Who should not get an ICD implantation?

Not all patients are candidates for ICD implantation.In many patients, the tachyarrhythmia is temporary or in cases where the use of an ICD cannot eliminate the underlying cause.

These include:

  • Patients whose tachyarrhythmias are associated with a reversible cause, such as drug addiction treatment, electrolyte balance, etc.
  • Patients with tachyarrhythmias due to heart attack or intermittent episodes of myocardial ischemia.
  • Patients with frequent episodes or continuous VT.
  • Patients who develop tachyarrhythmias after being struck by lightning or electric shock.

Should I be worried about my ICD?


ICD is designed to improve quality of life by helping to overcome symptoms and provide confidence in the face of the effects of sudden cardiac arrest. Remember, your ICD is needed to protect you from tachyarrhythmias. ICD pacemakers are extremely reliable – they save lives every day.

Allow yourself and your family to adapt to life with ICD.Most patients quickly get used to it. However, some feel depressed, anxious, fearful. If these feelings persist after 2 months, consult your doctor. You can also consult with another person who has had similar surgery and ask him how he and his family have adapted. Over time, you will feel confident. You will be able to return to work, business and family life. Your family can help you. You need to give her information about the cardioverter defibrillator and what help you may need.

Will I be in pain or discomfort?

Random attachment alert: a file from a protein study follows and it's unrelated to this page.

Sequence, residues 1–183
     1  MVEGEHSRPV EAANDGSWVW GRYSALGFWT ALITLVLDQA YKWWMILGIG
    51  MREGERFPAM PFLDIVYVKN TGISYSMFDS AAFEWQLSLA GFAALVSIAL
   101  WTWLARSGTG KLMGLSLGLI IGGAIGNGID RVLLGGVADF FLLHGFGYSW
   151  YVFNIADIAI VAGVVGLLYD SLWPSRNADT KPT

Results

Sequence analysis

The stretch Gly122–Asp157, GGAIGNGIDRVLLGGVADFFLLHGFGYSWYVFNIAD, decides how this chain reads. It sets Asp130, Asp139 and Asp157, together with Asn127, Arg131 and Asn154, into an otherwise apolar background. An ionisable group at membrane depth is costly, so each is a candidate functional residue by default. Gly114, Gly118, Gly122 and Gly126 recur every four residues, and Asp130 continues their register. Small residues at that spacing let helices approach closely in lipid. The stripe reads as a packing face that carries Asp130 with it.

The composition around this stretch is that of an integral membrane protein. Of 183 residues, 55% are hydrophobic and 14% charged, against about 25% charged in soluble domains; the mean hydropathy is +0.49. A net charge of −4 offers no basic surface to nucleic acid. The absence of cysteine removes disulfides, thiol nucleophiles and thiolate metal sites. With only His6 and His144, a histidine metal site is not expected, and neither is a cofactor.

Adaptation to ICD is gradual. Follow your doctor’s advice first. Most patients feel “protected” from the disease and are able to return to a fulfilling and active life.

After the wound has healed, pain is unlikely; discomfort will remain for some time at the site of the stimulator when raising the arm. Typically, many patients forget that they have an ICD implanted. After the formation of the scar, only a thin light strip remains.

WARNING: Consult a physician if pain persists after a wound heals.

Will ICD Cure My Disease?

ICD implantation is indicated for tachycardia that is dangerous to your health and life. Despite the fact that ICD is not a panacea, it reliably copes with threatening rhythm disturbances and in most cases returns a person to a normal and fulfilling life.

During an attack of ventricular tachycardia, you may experience loss of consciousness, and when the ICD is triggered, your muscle groups will contract with the visual effect of jumping (violent jerking).Your relatives or colleagues must have an ambulance and a doctor’s phone number. They should definitely call an ambulance if you remain unconscious for more than a minute.

How often should I have a follow-up examination with a doctor after a pacemaker implantation?

The regularity of follow-up examinations also depends on the characteristics of the cardiac stimulation system and the nature of the patient’s disease. Your doctor will determine the frequency of check-ups required according to the condition of the battery, the course of the disease, and the characteristics of the pacing system.